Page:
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Meaning in descriptive set theoryEdit
So a couple of times, someone has changed the entry for the DST meaning of norm to something like
- In prewellordering, a map ...
which makes no sense. Prewellordering is not an area of knowledge. Now if we want to go strictly by the style manual and have each disambig entry start with the word "norm", I suppose I wouldn't be violently opposed to creating a Norm (descriptive set theory) page. It would just be a redirect to prewellordering, I think, since the other choice would just be a dicdef. Then the entry would look like
But while this would hew closer to the style manual, I can't see that it's really any improvement over the existing entry, which is informative and avoids making a redirect into an article where you'd have to search for the term you're looking for. --Trovatore 22:27, 5 September 2005 (UTC)
- First of all, there is no style guideline that says every entry must start with "Norm", and redirect pages shouldn't be created for that purpose alone. For cases where a usage doesn't have its own article, as with prewellordering norms, then an article that contains that usage somewhere on the page should be linked to, as is being done through the prewellordering link. On the other hand, descriptive set theory speaks nothing of norms, so linking to it doesn't seem particuarly useful or relevent for helping someone find their specific "norm", which is why I removed its link. If norms do have relevent girth within descriptive set theory, applying to other concepts of the theory and not just prewellordering, then I think mention of prewellordering should be omitted altogether; instead, a definition of "norm" should be provided on the descriptive set theory and only that should be linked to from the disambiguation page. Something like:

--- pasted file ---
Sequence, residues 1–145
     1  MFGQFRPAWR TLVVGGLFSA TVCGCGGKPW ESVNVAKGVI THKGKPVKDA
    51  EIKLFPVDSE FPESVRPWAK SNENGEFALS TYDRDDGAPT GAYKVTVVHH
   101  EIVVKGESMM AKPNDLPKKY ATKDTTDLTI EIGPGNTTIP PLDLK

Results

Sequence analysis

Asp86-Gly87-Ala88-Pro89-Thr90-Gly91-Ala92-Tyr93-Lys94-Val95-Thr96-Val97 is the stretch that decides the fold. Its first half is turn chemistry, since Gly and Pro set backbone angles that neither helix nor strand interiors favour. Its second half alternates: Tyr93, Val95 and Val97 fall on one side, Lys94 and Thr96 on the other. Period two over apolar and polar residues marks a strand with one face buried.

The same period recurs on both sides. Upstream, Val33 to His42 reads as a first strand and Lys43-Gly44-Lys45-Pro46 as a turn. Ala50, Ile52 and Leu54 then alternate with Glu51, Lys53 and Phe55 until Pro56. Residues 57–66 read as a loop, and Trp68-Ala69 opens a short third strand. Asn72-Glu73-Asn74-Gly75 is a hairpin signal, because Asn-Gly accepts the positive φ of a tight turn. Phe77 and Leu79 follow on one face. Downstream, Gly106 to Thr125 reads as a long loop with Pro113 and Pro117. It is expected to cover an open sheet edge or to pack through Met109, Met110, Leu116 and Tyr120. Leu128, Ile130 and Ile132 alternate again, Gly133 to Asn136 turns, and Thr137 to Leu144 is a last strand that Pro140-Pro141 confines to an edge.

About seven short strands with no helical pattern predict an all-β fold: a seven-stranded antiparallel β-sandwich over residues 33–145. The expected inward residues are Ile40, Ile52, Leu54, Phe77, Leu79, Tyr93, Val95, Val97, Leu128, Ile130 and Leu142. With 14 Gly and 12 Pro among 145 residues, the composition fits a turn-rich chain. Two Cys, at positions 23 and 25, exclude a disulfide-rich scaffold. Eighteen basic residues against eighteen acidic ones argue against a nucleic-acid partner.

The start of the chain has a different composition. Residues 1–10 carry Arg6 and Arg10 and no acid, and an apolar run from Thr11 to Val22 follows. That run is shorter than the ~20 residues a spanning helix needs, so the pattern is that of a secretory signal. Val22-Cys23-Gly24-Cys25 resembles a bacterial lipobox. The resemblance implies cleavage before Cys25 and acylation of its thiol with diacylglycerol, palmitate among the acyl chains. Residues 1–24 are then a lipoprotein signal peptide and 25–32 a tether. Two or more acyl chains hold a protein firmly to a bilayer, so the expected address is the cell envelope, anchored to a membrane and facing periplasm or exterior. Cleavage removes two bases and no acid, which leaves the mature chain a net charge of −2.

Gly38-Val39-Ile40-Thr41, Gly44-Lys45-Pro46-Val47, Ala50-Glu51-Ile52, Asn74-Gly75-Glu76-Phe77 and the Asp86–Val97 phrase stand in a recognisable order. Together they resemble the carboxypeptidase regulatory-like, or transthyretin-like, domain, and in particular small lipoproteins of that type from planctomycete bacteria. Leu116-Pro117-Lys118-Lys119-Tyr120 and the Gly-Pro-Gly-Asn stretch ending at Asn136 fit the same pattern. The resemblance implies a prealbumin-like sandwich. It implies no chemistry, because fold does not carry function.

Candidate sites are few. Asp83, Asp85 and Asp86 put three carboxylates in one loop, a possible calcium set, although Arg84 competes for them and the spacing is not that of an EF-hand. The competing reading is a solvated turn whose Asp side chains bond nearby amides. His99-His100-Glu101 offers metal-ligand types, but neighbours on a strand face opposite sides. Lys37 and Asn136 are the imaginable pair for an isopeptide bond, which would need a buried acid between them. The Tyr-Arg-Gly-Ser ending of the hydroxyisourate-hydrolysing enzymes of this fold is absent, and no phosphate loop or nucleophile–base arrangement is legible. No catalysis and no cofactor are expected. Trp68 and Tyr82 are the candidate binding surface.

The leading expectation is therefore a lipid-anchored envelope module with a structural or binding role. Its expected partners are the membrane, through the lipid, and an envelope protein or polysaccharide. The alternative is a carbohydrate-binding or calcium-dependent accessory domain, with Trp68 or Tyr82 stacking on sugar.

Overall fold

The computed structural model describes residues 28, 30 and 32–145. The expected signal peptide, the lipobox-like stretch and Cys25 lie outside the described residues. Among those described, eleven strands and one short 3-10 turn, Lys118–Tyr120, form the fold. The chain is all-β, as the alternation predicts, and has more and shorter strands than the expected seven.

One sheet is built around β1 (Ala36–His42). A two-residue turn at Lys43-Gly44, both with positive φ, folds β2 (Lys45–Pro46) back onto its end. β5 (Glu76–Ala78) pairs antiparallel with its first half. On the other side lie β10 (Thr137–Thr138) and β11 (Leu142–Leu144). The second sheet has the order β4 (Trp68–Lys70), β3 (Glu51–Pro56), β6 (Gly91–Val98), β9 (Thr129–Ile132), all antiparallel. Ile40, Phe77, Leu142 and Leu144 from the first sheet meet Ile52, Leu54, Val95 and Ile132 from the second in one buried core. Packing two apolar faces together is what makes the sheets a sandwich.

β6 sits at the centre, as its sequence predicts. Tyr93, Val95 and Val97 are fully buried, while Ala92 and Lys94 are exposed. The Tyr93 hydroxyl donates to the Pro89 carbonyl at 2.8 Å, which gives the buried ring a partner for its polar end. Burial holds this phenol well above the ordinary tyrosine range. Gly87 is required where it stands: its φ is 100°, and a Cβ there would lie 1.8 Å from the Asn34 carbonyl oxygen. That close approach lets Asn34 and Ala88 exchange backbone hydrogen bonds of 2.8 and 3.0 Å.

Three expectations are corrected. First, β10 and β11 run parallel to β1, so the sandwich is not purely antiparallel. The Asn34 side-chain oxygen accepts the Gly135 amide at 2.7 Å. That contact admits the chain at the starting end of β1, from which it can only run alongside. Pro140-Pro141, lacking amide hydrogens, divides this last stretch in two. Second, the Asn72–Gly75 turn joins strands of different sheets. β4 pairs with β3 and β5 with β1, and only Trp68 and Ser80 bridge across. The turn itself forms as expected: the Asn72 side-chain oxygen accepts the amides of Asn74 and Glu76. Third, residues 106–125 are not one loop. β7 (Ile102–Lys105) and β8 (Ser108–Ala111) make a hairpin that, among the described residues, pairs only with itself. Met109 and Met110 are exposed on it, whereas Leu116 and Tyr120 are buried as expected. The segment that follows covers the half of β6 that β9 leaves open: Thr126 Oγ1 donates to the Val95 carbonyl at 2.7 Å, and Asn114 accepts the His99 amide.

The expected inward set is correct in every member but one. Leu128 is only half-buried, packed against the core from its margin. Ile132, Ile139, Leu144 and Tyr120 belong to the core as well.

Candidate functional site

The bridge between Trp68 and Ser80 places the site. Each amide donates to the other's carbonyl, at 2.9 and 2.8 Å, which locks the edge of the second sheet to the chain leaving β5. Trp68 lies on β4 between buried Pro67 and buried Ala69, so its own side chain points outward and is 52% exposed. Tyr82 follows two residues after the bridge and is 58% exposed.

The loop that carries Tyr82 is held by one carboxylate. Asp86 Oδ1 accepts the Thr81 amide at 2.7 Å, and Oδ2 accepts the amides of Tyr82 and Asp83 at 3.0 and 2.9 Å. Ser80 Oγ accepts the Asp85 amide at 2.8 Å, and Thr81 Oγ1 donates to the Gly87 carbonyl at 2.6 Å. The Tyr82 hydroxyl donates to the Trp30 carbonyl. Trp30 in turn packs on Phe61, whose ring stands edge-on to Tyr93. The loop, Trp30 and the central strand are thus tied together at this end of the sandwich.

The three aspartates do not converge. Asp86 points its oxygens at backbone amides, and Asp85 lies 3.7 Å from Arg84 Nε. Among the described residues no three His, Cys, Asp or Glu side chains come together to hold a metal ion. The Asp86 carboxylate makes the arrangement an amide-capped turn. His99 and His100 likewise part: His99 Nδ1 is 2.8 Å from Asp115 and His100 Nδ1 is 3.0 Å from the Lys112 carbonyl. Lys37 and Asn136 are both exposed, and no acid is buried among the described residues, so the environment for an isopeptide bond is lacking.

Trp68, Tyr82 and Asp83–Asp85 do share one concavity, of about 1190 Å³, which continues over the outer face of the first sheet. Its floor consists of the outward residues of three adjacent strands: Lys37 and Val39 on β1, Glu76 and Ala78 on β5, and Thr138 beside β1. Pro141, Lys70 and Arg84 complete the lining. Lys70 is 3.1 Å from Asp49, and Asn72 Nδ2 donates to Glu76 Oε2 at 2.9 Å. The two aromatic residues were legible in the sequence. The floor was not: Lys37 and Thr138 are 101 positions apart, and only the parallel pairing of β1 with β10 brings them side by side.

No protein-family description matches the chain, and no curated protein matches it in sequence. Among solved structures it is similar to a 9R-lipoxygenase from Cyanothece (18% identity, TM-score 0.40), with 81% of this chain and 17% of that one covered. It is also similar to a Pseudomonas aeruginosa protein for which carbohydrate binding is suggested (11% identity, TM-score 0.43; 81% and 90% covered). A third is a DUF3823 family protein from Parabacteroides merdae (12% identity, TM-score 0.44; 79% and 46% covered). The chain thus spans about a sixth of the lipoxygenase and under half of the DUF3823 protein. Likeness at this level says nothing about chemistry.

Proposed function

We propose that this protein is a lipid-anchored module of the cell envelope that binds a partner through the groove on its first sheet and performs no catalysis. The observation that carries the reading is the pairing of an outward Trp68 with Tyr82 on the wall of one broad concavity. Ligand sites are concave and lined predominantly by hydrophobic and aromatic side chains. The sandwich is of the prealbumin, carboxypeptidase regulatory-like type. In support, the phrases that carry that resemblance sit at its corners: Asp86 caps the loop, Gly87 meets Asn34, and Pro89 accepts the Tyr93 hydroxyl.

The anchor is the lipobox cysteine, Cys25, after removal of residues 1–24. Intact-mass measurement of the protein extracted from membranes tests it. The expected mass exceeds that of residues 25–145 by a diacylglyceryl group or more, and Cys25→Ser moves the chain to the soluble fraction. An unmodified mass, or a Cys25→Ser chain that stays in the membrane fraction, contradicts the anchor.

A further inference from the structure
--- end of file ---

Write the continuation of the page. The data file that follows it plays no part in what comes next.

- In mathematics:
- A blah blah blah in descriptive set theory
- With the needlessly specific mention of prewellordering, only one part of DST that happens to use norms, omitted. Of course, I am only speculating here, norm may apply near-exclusively to prewellordering (I'm don't know anything of the subject, as you can tell), in which case prewellordering should be linked to.
- You are right that my wording was awkward and made no sense, I only changed it for stylistic reasons (mainly the one wikilink per entry guideline, I also found the parenthesized "See:" at the end weird).—jiy (talk) 21:21, September 6, 2005 (UTC)
- Norms are equivalent to prewellorderings; someone who wants to know what a norm is should go to the prewellordering page. Nevertheless there is no subject called "prewellordering"; the context in which "norm" has this meaning is descriptive set theory, and I think that should be mentioned in the entry. --Trovatore 21:28, 6 September 2005 (UTC)
Geology, igneous petrology in particular, converts the chemical compositions of igneous-appearing rocks from oxides into various other coordinate systems. These very important quantities are termed 'norms' or 'normative compositions'. The more popular norms were defined in the 19th Century, before the research of Norman L. Bowen. The subsequent knowledge that norms need not be related to modes (mineral amounts) has diminished their value as classifications of volcanic rocks. However, norms retain values as classifications of magmas, each having its own, unique use. They should probably be mentioned. Geologist (talk) 01:02, 26 March 2010 (UTC)